A Day in the Life of a Design Manager.

26 June 2024 by Leanne Hughes

Paul Walker, Design Manager at Catalyst IT Europe, isn’t your typical graphic designer. His role goes beyond crafting beautiful visuals; it’s a blend of collaboration, technical skills, and a passion for creating user-friendly interfaces. 

In this blog post, we give you a glimpse into Paul’s day: collaborating with clients and developers, crafting design concepts, and overseeing Catawesome, Catalyst’s bespoke theme offering for our hosted clients. He’ll also share his design triumphs, including themes for humanitarian organisations, and offer valuable advice for aspiring design managers in the software world.

What does your role involve?

My role as Design Manager is to oversee and ensure the delivery of high-quality visual content, for all aspects of design in Catalyst IT Europe. This includes branding for online and print, conferences, social media and LMS/VLE theming for our software offerings.

I work closely with the Sales and Marketing team to develop and execute a variety of visual materials that align with our brand standards and business objectives. I also work closely with the development team, to produce bespoke theme designs for our Moodle, Totara, and Mahara clients.

This means my role sees me working across multiple platforms, software, and languages, including Photoshop, Illustrator, HTML/CSS, and Git to name a few.

Describe your typical working day?

My day is most often spent writing theme code for Moodle or Totara, thinking up design solutions for our clients, or whipping up design concepts or assets for our Sales and Marketing team.

Being involved in several projects for different clients at a time means working to multiple specs, so collaboration between colleagues and clients is a vital part of my day.

Establishing the demands and goals of a project is a key factor, so I will spend a lot of time discussing with clients their requirements, and also engaging with the development team to gauge what is possible, timings etc. This will also help me to provide quotes for the design aspect of our client’s projects.

Another part of my day is overseeing our bespoke theme offering called Catawesome, which is a fully designed theme available to our hosted clients. Keeping Catawesome in step with core Moodle upgrades is also a large part of my work at Catalyst during certain periods.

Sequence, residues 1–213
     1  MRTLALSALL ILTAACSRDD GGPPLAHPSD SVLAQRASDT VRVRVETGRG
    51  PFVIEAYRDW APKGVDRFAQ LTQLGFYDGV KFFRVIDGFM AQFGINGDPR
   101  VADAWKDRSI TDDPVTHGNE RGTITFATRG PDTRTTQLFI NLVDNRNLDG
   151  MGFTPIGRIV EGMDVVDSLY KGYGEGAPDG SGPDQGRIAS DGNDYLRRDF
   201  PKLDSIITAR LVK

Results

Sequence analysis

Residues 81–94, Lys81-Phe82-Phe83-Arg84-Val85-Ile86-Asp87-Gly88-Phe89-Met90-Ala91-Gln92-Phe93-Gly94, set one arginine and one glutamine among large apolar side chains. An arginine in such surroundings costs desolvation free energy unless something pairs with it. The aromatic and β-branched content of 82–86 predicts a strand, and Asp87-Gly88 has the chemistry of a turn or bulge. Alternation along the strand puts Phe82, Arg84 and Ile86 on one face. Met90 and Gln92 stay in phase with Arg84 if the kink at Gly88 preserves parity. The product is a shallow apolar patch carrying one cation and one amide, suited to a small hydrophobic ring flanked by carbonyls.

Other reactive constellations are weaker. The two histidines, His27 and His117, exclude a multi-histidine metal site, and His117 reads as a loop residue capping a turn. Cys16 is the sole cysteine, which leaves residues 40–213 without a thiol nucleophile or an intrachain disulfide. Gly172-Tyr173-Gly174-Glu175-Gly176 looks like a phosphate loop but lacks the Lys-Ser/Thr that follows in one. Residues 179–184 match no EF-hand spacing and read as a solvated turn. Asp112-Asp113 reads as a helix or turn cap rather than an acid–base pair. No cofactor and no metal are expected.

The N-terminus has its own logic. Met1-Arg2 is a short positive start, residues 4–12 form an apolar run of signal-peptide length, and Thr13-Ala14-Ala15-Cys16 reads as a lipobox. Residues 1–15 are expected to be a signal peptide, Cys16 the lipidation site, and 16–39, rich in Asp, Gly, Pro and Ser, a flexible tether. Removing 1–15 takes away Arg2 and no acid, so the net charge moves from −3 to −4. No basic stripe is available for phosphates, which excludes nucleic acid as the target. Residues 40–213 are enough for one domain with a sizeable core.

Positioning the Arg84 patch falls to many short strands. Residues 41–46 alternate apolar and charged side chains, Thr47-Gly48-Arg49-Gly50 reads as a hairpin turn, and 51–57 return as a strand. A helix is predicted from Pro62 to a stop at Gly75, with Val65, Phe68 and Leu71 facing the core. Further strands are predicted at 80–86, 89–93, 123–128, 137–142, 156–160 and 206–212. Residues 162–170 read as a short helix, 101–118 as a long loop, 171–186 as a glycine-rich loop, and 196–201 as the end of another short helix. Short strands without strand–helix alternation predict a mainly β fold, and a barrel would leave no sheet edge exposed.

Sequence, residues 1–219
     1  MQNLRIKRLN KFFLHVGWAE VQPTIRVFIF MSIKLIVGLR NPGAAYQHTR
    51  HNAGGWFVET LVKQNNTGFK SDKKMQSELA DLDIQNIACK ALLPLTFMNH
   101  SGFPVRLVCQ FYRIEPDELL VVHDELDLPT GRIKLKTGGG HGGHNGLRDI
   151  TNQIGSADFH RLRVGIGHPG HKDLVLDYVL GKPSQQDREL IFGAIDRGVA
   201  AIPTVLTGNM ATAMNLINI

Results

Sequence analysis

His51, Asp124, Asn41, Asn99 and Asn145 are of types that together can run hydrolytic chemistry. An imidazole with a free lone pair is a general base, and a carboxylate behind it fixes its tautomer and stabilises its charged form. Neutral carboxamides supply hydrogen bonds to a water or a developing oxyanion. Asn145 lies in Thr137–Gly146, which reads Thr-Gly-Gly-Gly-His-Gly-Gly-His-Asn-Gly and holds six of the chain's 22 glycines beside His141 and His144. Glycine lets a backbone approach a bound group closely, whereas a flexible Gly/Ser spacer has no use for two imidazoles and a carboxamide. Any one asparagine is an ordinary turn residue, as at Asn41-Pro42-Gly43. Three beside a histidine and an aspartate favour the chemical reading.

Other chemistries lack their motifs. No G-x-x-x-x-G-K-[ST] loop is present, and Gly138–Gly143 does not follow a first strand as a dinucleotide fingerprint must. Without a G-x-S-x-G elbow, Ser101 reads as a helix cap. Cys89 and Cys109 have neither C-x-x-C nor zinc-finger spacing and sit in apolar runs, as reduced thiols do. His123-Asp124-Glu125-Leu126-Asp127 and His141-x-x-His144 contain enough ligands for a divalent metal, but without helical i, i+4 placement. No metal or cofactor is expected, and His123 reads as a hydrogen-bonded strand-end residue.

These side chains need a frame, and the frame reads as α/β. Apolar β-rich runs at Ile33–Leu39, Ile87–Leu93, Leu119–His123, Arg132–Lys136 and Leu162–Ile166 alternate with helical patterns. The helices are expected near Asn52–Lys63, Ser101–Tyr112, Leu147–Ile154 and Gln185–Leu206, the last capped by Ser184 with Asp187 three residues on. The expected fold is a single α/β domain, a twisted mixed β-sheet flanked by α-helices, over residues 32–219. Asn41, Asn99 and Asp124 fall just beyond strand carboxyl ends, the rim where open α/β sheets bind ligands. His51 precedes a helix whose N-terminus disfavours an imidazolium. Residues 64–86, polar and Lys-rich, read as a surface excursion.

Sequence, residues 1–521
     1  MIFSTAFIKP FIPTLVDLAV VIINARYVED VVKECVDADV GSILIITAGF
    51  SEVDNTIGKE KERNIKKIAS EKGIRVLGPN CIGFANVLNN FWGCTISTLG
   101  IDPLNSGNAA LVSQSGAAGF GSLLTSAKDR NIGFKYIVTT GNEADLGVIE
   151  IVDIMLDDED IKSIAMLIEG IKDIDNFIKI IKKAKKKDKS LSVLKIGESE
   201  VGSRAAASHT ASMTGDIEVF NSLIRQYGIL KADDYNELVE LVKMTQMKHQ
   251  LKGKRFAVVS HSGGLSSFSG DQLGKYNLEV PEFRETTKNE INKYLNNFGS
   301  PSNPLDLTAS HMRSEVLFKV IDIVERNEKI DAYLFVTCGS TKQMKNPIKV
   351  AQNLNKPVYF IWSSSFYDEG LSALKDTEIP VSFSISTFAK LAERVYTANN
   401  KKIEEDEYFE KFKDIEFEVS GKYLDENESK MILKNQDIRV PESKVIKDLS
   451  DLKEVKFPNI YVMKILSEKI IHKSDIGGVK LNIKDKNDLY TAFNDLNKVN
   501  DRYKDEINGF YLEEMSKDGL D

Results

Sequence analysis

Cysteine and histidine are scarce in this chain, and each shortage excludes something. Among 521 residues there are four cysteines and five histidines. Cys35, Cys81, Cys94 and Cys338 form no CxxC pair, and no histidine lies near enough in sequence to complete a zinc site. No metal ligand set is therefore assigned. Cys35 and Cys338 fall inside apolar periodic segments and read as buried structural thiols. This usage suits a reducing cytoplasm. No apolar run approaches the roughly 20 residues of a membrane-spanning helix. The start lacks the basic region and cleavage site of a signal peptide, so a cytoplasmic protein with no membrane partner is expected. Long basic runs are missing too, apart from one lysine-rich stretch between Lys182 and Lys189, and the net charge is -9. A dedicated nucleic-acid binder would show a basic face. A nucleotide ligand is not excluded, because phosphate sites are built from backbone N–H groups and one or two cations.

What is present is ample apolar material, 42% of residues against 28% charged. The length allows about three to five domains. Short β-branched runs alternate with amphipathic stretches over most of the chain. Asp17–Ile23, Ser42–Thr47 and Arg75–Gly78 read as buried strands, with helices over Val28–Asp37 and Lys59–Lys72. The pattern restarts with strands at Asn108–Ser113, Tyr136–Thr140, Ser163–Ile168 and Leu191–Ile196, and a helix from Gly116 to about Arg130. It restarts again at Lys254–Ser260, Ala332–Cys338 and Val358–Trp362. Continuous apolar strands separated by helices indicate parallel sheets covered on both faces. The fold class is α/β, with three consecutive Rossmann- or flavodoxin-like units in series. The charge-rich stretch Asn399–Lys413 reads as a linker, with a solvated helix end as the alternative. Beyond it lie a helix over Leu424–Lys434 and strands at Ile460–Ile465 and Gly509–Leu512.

Tell us about the last piece of work you were proud of?

At Catalyst we do a lot of work with organisations in the humanitarian sector, such as Unicef with their “Agora” portal, and The Humanitarian Leadership Academy with “Kaya”. Designing the themes for these two platforms is something I am very proud of, as the vital training it provides to the workers and volunteers of these organisations is so incredibly important.

Right from the beginning, I have worked in partnership with the Catalyst development team, to provide bespoke UX solutions to their problems, and produce clean, intuitive design interfaces, that work to engage its users while providing essential learning.

A main focus of both clients during the design and development phases of their themes was on accessibility, ensuring the learning experience was inclusive for all.

It has been a real pleasure working on both themes for these two clients.

What advice would you give to anyone interested in a career in your role?

Learning to be versatile, and practising skills that push the boundaries of a typical Graphic Designer, would put you in good stead for a role in the software development industry. Whether that be learning how to turn your beautiful designs into code using modern design languages and frameworks, or being able to show solutions to tricky UX/UI problems, these are great strings to have in your bow.

Best piece of advice you’ve been given?

I think the above advice is the most pertinent to my career. Having spent my earlier years in print design doing corporate branding to strict guidelines, being able to work with code as well has allowed me to keep busy and flourish, especially within a software development company where I otherwise might not have.